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66 ENVIRONMENT •• National Parks

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Much of Afghanistan is sparsely vegetated. The mountain slopes of the east are the greenest parts of the country, with a mix of oak, juniper, pistachio and pine forest. All of Afghanistan’s forests are threatened; it’s thought that in the last 25 years the amount of wooded area has tumbled six-fold to around 0.5% of the country’s landmass. The northern plains are dry and at first glance fairly lifeless, but they

hide a fertility that springs into life every April and May with the rains, turning the swathes of land a deep green sprinkled with colourful blooms of wild tulips and gentians. The deserts of the south on the other side of the mountains receive little of this water. Vegetation here seldom stretches beyond camel thorn, mimosa and sagebrush.

NATIONAL PARKS

On paper, Afghanistan initially appears to have a number of national parks and wildlife reserves. Facts on the ground are a little murkier. While several parks and reserves were listed in the late 1970s, no legal protec- tion was ever granted, while any hope of control was gradually eroded by the years of war. These include the Band-e Amir National Park near Bamiyan; the waterfowl sanctuaries of Ab-i-Estada at Ghazni and Kol-e Hashmat Khan in Kabul; and the wildlife reserves of Ajar Valley (also near Bamiyan), the Big Pamir in the Wakhan Corridor, and Registan Desert Reserve in the south. Band-e Amir, known for the unique geological features that make up its six mineral lakes, became Afghanistan’s first national park in 1973. The influx of domestic tourists and their waste pose a particular problem for management of the area, as well as landmines along some approaches to the lakes, although when we visited both a national park office and gatehouse appeared to be under construction and the uncontrolled fish- ing on Band-e Haibat had largely disappeared. Afghanistan contains some important wetlands, although these have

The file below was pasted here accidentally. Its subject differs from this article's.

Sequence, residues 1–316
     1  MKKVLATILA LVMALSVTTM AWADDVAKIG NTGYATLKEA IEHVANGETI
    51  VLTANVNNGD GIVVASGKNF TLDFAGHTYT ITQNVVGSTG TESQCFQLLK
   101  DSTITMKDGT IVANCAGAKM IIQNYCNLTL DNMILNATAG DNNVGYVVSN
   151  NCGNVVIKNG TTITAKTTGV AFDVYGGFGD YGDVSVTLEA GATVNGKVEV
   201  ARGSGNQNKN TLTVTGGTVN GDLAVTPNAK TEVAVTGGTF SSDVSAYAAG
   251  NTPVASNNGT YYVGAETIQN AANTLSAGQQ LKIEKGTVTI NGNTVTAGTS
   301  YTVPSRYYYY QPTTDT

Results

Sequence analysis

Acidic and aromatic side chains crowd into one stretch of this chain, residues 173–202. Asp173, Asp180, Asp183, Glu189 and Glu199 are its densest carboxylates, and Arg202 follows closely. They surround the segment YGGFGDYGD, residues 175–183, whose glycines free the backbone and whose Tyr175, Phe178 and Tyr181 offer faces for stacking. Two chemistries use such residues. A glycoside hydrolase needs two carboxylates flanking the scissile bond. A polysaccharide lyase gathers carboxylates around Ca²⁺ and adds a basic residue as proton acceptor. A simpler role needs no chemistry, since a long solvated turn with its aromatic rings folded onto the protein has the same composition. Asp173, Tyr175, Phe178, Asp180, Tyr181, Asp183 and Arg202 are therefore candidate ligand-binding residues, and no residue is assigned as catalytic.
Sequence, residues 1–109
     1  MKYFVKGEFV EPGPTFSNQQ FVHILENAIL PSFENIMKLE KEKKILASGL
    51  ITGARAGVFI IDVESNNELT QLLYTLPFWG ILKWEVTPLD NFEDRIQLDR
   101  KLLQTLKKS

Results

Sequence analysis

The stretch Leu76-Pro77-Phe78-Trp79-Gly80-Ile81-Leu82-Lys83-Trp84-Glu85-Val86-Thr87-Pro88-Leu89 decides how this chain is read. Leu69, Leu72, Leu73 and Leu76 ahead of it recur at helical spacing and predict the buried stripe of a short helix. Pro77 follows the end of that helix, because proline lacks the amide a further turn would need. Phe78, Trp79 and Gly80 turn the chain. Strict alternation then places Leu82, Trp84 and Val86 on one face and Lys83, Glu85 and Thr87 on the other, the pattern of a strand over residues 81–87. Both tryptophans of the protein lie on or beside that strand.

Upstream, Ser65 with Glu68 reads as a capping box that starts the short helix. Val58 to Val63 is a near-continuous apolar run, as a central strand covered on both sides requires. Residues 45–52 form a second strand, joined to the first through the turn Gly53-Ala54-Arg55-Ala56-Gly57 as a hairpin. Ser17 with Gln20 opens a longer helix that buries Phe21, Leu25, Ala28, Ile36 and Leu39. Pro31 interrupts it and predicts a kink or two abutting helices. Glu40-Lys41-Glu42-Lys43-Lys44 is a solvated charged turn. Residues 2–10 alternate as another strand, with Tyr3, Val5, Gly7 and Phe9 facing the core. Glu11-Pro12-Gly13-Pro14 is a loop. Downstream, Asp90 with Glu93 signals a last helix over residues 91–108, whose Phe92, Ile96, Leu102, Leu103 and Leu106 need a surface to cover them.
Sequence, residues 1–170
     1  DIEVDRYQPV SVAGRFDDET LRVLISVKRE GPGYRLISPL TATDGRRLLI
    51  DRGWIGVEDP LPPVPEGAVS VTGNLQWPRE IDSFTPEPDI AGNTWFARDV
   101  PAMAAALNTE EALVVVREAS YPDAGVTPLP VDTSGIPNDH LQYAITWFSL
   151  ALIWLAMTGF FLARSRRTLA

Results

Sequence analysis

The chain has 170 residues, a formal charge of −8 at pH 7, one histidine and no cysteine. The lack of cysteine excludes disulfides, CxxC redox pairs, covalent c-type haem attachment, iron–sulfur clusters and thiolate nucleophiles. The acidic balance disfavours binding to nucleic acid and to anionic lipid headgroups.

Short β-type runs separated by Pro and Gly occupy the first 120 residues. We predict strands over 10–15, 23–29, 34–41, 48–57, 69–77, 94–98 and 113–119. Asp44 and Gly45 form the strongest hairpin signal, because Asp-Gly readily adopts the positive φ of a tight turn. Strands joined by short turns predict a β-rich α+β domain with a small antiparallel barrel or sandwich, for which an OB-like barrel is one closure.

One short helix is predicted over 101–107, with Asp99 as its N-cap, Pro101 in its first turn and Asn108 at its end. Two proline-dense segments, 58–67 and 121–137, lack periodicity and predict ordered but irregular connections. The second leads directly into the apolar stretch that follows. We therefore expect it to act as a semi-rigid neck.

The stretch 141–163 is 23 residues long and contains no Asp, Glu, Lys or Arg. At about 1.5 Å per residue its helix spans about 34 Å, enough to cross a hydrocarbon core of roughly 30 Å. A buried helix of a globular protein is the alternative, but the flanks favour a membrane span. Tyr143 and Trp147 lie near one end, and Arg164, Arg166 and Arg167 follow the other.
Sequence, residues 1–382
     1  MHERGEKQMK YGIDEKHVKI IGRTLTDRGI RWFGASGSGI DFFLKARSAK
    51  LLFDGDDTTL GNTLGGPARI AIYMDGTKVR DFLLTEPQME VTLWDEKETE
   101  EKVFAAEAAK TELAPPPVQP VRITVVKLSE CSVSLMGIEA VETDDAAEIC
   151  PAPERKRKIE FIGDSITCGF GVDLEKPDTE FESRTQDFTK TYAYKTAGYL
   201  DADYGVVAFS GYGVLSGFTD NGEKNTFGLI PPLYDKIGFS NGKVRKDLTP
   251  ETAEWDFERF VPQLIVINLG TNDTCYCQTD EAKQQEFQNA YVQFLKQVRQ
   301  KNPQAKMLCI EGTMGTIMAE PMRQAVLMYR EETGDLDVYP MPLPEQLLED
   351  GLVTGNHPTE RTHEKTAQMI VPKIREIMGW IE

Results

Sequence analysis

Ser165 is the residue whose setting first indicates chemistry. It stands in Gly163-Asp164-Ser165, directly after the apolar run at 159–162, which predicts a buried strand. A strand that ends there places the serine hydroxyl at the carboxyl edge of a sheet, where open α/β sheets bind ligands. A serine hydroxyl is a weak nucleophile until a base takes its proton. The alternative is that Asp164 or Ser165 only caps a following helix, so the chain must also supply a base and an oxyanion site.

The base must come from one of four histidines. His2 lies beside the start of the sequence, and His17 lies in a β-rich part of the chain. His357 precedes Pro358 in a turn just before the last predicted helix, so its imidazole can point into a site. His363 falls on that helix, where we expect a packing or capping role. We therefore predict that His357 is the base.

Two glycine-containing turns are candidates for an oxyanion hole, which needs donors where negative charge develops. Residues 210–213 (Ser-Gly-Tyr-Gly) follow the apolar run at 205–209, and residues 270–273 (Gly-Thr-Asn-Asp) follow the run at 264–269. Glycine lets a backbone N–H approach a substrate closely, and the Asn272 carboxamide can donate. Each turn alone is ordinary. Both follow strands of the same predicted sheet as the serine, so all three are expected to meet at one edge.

The New-York-based Wildlife Conservation Society (www.wcs.org) has been leading the way in the Afghan Pamirs, surveying wildlife, working with local com- munities on conservation issues and lobbying for protected status for the region.

been severely depleted by the persistent drought of the 1990s. Ab-i-Estada was a major stopping-off point for migratory waterfowl and Siberian cranes, as well as a nesting site for flamingo. On the edge of Kabul, Kol-e Hashmat Khan was a large reed-covered lake that was a favourite waterfowl hunting spot for Afghan royalty and Kabulis alike, but it is now almost completely dry. In Nimroz, Hamoun-i-Pouzak Sanctuary sits on the border with Iran, where the Helmand river disappears into a number of shallow lakes – another major centre for waterfowl. At the time of going to press, Afghanistan was due to become a signatory of the Ramsar Convention on Wetlands. In north Afghanistan, reserves have been proposed at Imam Sahib along the Amu Darya, and the areas of Herat and Badghis provinces bordering Turkmenistan. The latter area used to be home to a population of wild ass (almost certainly now locally extinct), and still harbours small numbers of urial sheep, goitered gazelle and leopard among its remnant juniper forests. Imam Sahib is home to wild boar, otter, jackal, porcupine and possibly Bukhara deer.

ENVIRONMENTAL ISSUES

War has taken its toll on the Afghan environment, both through di- rect pressure on land, such as degradation and direct war damage, and through the complete breakdown of systems of resource management, from the village level up to the government. The environmental problems facing the country are myriad.